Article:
That doesn’t stop bloggers from hyping the studies and creating sports nutrition myths. It also doesn’t stop companies from offering sports products with those ingredients and making outrageous claims about how their product will make you bigger, faster, and stronger.  For example, a claim that you can eat spinach for muscle growth.

It is only when dozens of studies have been published, and a meta-analysis combines the data from all the studies that we are in a position to see whether any particular nutrient has a statistically significant effect on performance.

Must You Eat Spinach for Muscle Growth or Could Nitrates Provide Exercise Benefits?

nitrates and exerciseDespite the weakness of this particular study, there is reason to believe that nitrates might improve exercise performance.

  • There is a plausible mechanism. In the body nitrates are converted to nitric oxide, which improves arterial health, lowers blood pressure, and enhances blood flow. Increased blood flow to the muscles could enhance exercise efficiency.
  • Other studies have come to a similar conclusion. There are several other exercise studies Health Benefits of Beetroot Juice involving supplements containing either nitrates or beetroot juice (which is rich in nitrates) that have suggested that supplementation improves exercise efficiency. Each of the studies are small and inconclusive by themselves, but in the aggregate they suggest that nitrate may have some benefits.
  • Arginine, which also enhances nitric oxide production, is well established in the sports nutrition world. There are dozens of published exercise studies involving arginine and meta-analyses of these studies suggest that arginine provides modest benefits. However, there is an important caveat, which I shall explain below.

In short, the idea that nitrate supplementation might improve exercise performance is plausible. However, plausible is a long way from proven.

The Ultimate Irony

When you analyze the meta-analyses of arginine supplementation and exercise performance studies, the ultimate irony is that arginine supplementation is most effective for untrained individuals who are just beginning an exercise program. It provides little benefit for trained athletes (R. Bescos et al, Sports Medicine, 42: 99‐117,2012).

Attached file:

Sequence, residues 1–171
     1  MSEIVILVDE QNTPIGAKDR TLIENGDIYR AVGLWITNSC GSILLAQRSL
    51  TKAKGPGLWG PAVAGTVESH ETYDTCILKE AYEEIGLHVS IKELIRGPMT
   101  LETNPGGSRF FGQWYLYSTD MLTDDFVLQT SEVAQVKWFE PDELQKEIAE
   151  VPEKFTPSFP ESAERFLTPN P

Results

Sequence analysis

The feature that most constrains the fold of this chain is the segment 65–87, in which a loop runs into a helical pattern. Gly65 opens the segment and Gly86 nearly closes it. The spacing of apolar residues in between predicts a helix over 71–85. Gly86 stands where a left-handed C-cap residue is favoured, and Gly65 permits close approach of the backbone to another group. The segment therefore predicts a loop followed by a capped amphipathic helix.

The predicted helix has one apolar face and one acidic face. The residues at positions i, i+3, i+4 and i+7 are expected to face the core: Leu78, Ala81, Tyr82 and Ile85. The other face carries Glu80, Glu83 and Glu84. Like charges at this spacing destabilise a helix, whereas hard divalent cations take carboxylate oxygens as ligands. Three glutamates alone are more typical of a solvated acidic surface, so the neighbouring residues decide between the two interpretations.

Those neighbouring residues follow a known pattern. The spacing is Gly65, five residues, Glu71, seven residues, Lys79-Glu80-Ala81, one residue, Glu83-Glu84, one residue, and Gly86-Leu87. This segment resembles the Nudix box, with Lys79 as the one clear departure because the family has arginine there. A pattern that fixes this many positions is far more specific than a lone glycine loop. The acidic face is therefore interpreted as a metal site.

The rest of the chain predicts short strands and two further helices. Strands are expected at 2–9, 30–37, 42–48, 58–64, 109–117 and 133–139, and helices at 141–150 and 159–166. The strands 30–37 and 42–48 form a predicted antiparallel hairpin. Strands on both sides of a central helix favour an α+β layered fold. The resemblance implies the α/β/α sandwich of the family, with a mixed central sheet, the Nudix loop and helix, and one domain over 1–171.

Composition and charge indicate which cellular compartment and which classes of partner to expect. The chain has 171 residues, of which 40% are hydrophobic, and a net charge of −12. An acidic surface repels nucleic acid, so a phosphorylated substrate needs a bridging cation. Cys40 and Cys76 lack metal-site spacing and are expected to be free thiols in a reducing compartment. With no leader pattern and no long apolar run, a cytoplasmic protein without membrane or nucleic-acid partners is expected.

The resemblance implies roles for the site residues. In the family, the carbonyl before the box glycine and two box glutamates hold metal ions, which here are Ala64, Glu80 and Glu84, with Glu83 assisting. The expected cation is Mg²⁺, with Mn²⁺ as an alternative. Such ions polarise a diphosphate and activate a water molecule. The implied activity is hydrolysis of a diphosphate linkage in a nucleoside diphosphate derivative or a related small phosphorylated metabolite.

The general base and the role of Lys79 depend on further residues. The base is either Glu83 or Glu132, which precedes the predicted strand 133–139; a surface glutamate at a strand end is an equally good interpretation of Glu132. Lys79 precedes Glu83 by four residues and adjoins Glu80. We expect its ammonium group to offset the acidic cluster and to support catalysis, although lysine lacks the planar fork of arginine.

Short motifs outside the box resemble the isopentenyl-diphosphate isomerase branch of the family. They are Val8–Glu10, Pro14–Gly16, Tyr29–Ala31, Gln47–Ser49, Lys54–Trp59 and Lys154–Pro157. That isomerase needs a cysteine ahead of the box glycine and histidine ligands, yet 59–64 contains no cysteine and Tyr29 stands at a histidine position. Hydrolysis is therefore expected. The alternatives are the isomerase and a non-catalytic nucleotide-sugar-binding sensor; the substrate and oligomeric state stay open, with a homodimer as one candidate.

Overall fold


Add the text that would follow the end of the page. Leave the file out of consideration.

There is a logical explanation for this observation. Intense exercise also enhances nitric oxide production and blood flow to the muscle. Most highly trained athletes have already maxed their nitric oxide levels and have excellent blood flow to their muscles. Arginine (or nitrate) supplementation provides little additional benefit for them.

Why do I call this the ultimate irony? Think about it for a minute.

The people most likely to use sports supplements with arginine or nitrate are gym rats and highly trained athletes – the people who get the least benefit from those supplements.

The people least likely to use special sports supplements with arginine or nitrate are the weekend warriors and the busy professionals who are just trying to stay fit – the people who are most likely to benefit from those supplements.

 

The Bottom Line

 

  • Recent headlines have suggested that you can eat spinach for muscle growth and exercise performance.
  • When you look at the study behind the headlines, the study was done with nitrate, not with spinach. Spinach is a nitrate-rich food (as are beet roots), but the headlines were clearly misleading.
  • The study was also inconclusive. It was a small study, and most parameters of exercise performance were not affected by nitrate supplementation.
  • Unfortunately, this kind of small, inconclusive study is all too common in the sports nutrition literature. That doesn’t stop bloggers from hyping the studies and creating sports nutrition myths. It also doesn’t stop companies from offering sports nutrition products with those ingredients and making outrageous claims about how their product will make you bigger, faster, and stronger.
  • However, other studies suggest the idea that nitrate in food or supplements could improve exercise performance is plausible.
  • In our bodies, nitrate is converted to nitric oxide, which enhances blood flow to the muscles.
  • Other studies with nitrate and with beetroot juice (an excellent source of nitrate) have shown some exercise benefits.
  • Arginine, which is also converted to nitric oxide, is a fairly well established sports supplement.

Of course, plausible is a long way from proven.

  • The ultimate irony is that the people most likely to use sports supplements with arginine or nitrates are gym rats and highly trained athletes. They already have excellent blood flow to their muscles. They are the people who get the least benefit from those supplements.
  • In contrast, the people least likely to use special sports supplements with arginine or nitrates are the weekend warriors and the busy professionals who are just trying to stay fit. Those are the people who are most likely to benefit from those supplements.

 

These statements have not been evaluated by the Food and Drug Administration. This information is not intended to diagnose, treat, cure or prevent any disease.

Should We Take Calcium Supplements?

Clearing Up The Calcium Confusion

Author: Dr. Stephen Chaney

should we take calcium supplementsShould we take calcium supplements?  You have every right to be confused about calcium supplementation. There have been a lot of conflicting headlines in recent months.

It has seemed like a no-brainer for years that calcium supplementation could help post-menopausal women and men over 50 avoid the debilitating effects of osteoporosis.